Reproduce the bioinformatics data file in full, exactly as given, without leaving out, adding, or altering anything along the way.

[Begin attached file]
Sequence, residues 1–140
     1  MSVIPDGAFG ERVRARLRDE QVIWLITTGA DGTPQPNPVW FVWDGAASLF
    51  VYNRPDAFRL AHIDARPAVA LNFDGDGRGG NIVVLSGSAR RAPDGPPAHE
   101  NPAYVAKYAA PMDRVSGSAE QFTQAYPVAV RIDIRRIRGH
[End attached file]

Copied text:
Sequence, residues 1–140
     1  MSVIPDGAFG ERVRARLRDE QVIWLITTGA DGTPQPNPVW FVWDGAASLF
    51  VYNRPDAFRL AHIDARPAVA LNFDGDGRGG NIVVLSGSAR RAPDGPPAHE
   101  NPAYVAKYAA PMDRVSGSAE QFTQAYPVAV RIDIRRIRGH